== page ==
‘Geometry’ is the closest song to outright techno on “Silent Harbour”. Bass drums and hats push along; warm bass frequencies soothe and embrace in the warm water. A synth acts as sunrays warming the water’s surface. There is a great focus on details and while it still has a slow tempo (the average BPM is 106) it feels lighter and optimistic. Somehow Bunnik manages to soundtrack what seem like underwater shipwrecks. ‘Dock Operations’ evokes rusted metal and swarms of ocean floor-dwelling vertebrates within dark, murky surroundings. A standout comes in the form of the album’s eighth track ‘Saltwater Intrusion’. Light percussion and sonar-like bleeps introduce a hollow drone that gradually rises to invoke a sense of creeping forebode. After nearly two minutes a determined bass drum cuts through, propelling us further down into the sea. Additional gleaming drones appear and float by.  Shimmering water swirls around the listener as the percussion glides through the expansive ocean. ‘Profundal Zone’ glides the listener through a slow and delicate soundscape. Meditative warm water is recreated with bouncing bass drums, tapping percussion and bubbling synths. The immersive bass frequencies of ‘Descending Radius Curve’ surge and roll as atmospheric sounds appear and dissipate regularly, evoking an exploration of shallow water that bursts with growing coral and flowering aquatic plants. “Silent Harbour” is so brilliantly evocative you will soon forget you’re standing on terra firma. As Kompakt describes it, this is music “for techno heads to fall into when the kicks are too much.”

Vier’s Recommendations

Silent Harbour – “Silent Harbour” 6th August (Echochord)

Dutch producer Conforce debuts a new alias by the name of Silent Harbour with an accompanying eponymous album on 6th August. Best known for dreamy, warm techno, Conforce’s decision to work under an alias is explained by a desire for him to “explore more cerebral and conceptual sounds” with a theoretical focus on “isolation, deep-sea submersion, [and] aquatic environments.” It will be released on the Danish label Echocord. Conforce’s Delsin-released album “Escapism” from November 2011 is highly recommended for fans of techno’s lower BPM side.

DeepChord – “Sommer” 27th August (Soma)

Heir to Berlin’s Rhythm & Sound is the Detroit-based Deepchord. Active since the late ‘90s Deepchord (Rod Modell) has been tweaking the dub-techno formula for years, trying out various balances of muffled beats, hazy ambiance and field recordings. This is precisely what the press release says you can expect from “Sommer” (German for summer): meditative electronic compositions enriched with organic sounds, many of which Modell collected at the beach near his home. “Sommer” comes barely a year after “Hash-Bar Loops” and like that album it will be released on Glasgow institution Soma Records.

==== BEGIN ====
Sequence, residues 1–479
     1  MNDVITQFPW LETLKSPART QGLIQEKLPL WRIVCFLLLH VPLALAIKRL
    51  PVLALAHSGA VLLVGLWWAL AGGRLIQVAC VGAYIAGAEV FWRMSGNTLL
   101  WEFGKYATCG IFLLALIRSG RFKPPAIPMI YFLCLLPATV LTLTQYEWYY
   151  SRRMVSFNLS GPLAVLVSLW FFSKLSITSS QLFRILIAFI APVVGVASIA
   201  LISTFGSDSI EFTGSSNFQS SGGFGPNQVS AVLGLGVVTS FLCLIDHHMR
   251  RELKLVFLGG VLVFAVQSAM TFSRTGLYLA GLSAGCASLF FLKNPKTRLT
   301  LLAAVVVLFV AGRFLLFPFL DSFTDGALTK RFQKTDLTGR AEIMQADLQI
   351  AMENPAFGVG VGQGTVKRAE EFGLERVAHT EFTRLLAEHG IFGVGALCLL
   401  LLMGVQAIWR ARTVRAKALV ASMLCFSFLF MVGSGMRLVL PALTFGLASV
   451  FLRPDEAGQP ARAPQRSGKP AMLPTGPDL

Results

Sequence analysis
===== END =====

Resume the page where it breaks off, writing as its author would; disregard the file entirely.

Liam’s Recommendations

JJ Doom – “Key to the Kuffs” 20th August (Lex)

JJ Doom is the latest collaborative project to be announced/rumoured for release in 2012 by underground hip-hop legend MF Doom (in addition to Madvillian, Doomstarks and his collaborations with Johnny Greenwood and Thom Yorke from Radiohead) and features producer/rapper Jneiro Jarel. Guests on the album are Beth Gibbons (Portishead), Damon Albarn and Khujo Goodie (Goodie Mob). Check out ‘Guv’nor’ below plus ‘Banished’ from the album here and Dave Sitek’s remix of ‘Rhymin’ Slang’ here.

Teengirl Fantasy – “Tracer” 20th August (R&S)

For their second album “Tracer” Teengirl Fantasy have abandoned their sample based approach and bought in a number high profile guest vocalists Laurel Halo, Panda Bear and Romanthony (most famous for his guest slots with Daft Punk). Moving to Belgian dance label R&S suggests that 4/4 dance beats may more to the fore and so far the three pre-release tracks have demonstrated a good understanding of modern house and Hyperdub dubstep influenced sounds, this could rival Blondes self titled debut album for leftfield dance album of the year!

27th August

Dan Deacon – “America” 27th August (Domino)

The long awaited follow-up to “Bromst” (2009) is Deacon’s first release to use primarily acoustic instruments after many years of creating electronic 8-bit synth music that sounded like a delightfully deranged Atari game soundtrack. This change in direction was prompted after touring “Bromst” with a 13 piece acoustic ensemble. Deacon changed focus on this record making the lyrics and their more positive but still political content front and centre. The album is split into two sides, Side A is full of straight forward pop songs, while Side B is a 21 minute cinematic suite in four parts. The early signs are good with pre-release tracks “Lots” and “True Trush” sounding like wonky pop summer anthems. Whatever the rest of “America” sounds like you can’t doubt Deacon’s ambition.

Matthew Dear – “Beams” August 27th (Ghostly International)

Now a firm fixture on the dance music scene Dear returns with his fourth solo album, the follow up to “Black City” (2010) which featured in Sonic Fiction’s Albums of the Year 2010. The pre-release tracks that have emerged suggest that as with the transition between between “Asa Breed” (2007) and “Black City” Dear continues to subtle evolve his sound rather than completing a revolutary turn around on each new album. This is no bad thing and as he’s always proven in the past, Dear is very much the master of his unique sound.